Clash-happy method names

This post lists a few special-case method names that are somewhat likely to be used accidentally by you but can only be used correctly if you understand their built-in functions.  Specifically: class, description, load, and hash.

Why it’s tricky, by example

Here’s an easy way to mess this up: start with a model object meant to match a table of a database on your server.  Maybe you started by defining your fields.  You’re making a table to represent player characters, so they have properties like alignment, level, race, or class.  Sounds fine, right?  Next you mirror these types in your iOS code, with just a bunch of instance variables with the same names.  Instance variable names won’t class with method names, so you’re still ok.  And then down the road you want to turn these things into properties.  So you mindlessly turn everything into a property and BAM your code suddenly starts acting extremely weird, and you have no idea why.

It’s because you implicitly have defined a method called “class” when you declared all your instance variables as property, and you copied all those from your server’s table fields.  Now you have a choice:

1. Make your code uglier by avoiding properties, or

2. Make your code uglier by dropping consistency, and do some special-case handling for the “class” field.

Of course, the real solution is

3. Don’t use clash-friendly names anywhere in your pipeline, even across platforms.

Hence the usefulness of this post (there are other cases too).  Some people might argue in favor of

4? Change every single instance variable everywhere to start (or end) with an underscore to avoid name clashes,

but I think it is confusing to even allow names that are off-by-an-underscore, and that it is more a work-around than a good general approach.  But that is also a prevalent and valid perspective.

In any case, it’s good to know about these few special-case methods:


This method is meant to return the


object for the class of the receiver. You never need to write it, and overriding it is probably not your best move. It can be used for things like deciding what methods your object can respond to, and confusion about that can lead to horrible burning crashes with blood, disembodied limbs, and gory stack traces flying willy-nilly about the room.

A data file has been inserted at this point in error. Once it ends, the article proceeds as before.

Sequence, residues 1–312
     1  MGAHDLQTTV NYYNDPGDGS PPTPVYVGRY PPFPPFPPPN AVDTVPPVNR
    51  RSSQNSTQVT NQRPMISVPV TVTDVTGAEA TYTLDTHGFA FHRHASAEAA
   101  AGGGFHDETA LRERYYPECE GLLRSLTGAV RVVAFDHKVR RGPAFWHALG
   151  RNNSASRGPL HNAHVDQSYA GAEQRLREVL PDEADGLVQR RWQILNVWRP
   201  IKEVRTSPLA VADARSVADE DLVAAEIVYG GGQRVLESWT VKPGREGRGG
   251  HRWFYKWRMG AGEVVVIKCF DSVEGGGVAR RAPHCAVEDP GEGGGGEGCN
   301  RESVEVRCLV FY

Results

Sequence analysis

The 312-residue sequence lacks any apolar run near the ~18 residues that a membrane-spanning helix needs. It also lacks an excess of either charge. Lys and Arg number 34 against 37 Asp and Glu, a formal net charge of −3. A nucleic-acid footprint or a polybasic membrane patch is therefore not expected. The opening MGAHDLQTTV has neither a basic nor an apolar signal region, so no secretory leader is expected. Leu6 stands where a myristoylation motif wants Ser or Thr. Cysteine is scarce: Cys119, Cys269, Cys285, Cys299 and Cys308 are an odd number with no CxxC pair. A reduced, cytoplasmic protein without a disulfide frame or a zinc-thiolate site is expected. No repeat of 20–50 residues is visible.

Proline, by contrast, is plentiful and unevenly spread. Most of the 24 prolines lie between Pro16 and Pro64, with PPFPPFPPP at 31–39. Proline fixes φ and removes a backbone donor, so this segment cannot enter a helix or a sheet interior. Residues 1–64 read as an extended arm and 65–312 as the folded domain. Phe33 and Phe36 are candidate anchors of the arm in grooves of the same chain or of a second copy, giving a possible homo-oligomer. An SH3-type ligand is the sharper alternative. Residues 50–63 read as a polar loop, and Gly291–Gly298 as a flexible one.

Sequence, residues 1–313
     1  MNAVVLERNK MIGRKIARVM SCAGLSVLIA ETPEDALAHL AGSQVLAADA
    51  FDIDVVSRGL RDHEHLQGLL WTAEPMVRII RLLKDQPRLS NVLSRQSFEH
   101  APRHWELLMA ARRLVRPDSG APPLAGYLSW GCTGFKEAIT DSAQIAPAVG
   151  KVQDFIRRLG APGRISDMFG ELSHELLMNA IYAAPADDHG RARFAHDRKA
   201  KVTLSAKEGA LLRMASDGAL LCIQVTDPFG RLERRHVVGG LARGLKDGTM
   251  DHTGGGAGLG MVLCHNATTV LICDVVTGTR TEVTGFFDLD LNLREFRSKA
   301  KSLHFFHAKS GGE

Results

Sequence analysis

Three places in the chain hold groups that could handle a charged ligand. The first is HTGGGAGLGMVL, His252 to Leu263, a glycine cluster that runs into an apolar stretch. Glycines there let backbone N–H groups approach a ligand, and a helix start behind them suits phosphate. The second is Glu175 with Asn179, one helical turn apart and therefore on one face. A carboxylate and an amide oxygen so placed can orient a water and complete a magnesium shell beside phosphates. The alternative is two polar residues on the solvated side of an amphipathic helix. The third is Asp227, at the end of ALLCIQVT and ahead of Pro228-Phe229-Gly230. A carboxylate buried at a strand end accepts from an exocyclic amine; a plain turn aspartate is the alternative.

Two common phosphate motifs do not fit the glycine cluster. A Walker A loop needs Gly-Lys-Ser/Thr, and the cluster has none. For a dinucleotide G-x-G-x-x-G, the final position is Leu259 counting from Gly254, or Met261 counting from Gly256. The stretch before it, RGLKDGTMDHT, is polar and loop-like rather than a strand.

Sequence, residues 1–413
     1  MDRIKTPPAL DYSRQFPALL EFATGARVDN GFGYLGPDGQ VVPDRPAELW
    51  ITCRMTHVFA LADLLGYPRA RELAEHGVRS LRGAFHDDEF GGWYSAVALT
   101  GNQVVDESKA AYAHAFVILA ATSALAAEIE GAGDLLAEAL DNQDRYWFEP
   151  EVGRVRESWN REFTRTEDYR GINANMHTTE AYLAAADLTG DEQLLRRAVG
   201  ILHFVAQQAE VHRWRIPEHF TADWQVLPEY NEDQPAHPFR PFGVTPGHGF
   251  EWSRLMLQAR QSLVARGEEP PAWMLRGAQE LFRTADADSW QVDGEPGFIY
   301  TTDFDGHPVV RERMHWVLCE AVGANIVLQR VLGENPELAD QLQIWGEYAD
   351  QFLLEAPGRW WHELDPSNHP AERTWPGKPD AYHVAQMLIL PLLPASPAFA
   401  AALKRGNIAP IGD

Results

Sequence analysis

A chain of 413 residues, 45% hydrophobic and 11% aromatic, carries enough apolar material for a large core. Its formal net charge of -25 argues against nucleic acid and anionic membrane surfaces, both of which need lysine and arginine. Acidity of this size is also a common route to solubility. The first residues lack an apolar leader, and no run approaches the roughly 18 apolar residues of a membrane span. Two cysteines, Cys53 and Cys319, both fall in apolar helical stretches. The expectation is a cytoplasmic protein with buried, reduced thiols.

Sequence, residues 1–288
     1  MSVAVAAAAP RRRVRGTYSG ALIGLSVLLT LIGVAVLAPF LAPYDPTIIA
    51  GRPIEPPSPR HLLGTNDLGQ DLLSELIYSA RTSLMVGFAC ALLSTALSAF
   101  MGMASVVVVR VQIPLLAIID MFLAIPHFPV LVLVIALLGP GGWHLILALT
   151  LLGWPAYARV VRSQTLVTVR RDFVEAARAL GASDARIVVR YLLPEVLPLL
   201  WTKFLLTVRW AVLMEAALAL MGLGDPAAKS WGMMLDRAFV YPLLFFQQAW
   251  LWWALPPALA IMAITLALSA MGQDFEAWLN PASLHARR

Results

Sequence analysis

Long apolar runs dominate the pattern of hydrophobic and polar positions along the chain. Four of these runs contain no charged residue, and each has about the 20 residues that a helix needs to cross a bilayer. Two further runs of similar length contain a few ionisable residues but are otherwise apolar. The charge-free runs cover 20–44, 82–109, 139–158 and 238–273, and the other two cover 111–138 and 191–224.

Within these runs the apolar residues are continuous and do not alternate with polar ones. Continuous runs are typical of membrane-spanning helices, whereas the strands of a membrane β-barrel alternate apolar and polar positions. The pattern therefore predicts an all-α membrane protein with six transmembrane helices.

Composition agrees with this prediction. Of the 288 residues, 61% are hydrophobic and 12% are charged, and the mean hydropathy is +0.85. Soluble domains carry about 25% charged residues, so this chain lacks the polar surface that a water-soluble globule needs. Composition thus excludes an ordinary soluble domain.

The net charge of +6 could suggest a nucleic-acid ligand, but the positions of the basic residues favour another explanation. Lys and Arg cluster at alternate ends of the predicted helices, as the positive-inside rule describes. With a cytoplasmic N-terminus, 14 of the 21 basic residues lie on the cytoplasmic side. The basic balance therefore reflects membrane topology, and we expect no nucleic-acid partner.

Beginners often think (at least I did) that %@, as a string formatter, means “print out an NSString.” But that’s not true – it really means, “print out an object,” and an object can be anything, including an NSString (so if you previously thought it was for NSString’s, your thought is true – it’s just that you can print out so much more than you ever dreamed). Of course, there is the big question of how do you convert any object to a string? And the answer is that every object has a


method which is meant to return a string representing that object. If you override this method, anyone printing your object (which could easily happen indirectly by, say, printing out the contents of an NSArray) will invoke your description call — if you provide some other type of


method, you will end up scratching your head at the weird debug output you get.




method is a class method (signature + (void)[MyClass load]). It is designed to give you a chance to run some code at the load-time of a binary, in a way that does not require any specific invocation. For example, you could build an audio library that has to call some one-time global init function like AudioInit(). Instead of having run-once code in your init function that looks like this:

if (didGlobalInit == NO) {
  didGlobalInit = YES;

You can just do this:

+ (void)load {

So if you were thinking of have static methods called




meant to be called explicitly by your own code, you need to choose new names.


The hash method is used by collections like dictionaries and sets to do fast lookups (more info  on that here).  If you override it for your own hash purposes, your dictionaries and sets are most likely to (a) simply act like things you added aren’t there during lookups, or (b) possibly crash.


I’m probably leaving out a few. Please let me know if you’ve collided with other special-case names that you weren’t expecting – I’ll add them to this list.


Apple’s docs on:

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